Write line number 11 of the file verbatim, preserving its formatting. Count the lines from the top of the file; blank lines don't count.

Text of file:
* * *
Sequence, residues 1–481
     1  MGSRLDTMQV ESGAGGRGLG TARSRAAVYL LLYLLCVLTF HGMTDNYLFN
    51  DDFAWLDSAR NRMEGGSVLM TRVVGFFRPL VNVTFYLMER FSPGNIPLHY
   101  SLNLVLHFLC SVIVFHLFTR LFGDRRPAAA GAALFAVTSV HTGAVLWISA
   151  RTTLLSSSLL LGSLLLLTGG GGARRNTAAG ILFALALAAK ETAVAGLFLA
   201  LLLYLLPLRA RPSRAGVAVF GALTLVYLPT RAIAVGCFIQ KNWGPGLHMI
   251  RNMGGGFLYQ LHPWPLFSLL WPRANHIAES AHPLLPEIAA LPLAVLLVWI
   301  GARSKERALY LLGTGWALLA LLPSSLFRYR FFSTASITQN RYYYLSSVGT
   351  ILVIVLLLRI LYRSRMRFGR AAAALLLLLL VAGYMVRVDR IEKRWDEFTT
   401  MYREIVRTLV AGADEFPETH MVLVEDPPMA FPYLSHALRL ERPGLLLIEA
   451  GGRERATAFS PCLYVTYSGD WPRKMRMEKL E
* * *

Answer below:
   451  GGRERATAFS PCLYVTYSGD WPRKMRMEKL E